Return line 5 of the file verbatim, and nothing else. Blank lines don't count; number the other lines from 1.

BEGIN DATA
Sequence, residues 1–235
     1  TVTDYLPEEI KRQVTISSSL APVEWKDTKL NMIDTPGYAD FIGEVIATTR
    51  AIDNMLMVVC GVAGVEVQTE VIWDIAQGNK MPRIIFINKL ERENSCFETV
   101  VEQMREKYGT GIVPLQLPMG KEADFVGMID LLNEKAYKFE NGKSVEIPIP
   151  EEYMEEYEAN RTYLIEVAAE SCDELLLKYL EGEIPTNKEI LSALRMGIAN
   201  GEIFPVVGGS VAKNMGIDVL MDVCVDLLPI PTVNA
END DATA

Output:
   151  EEYMEEYEAN RTYLIEVAAE SCDELLLKYL EGEIPTNKEI LSALRMGIAN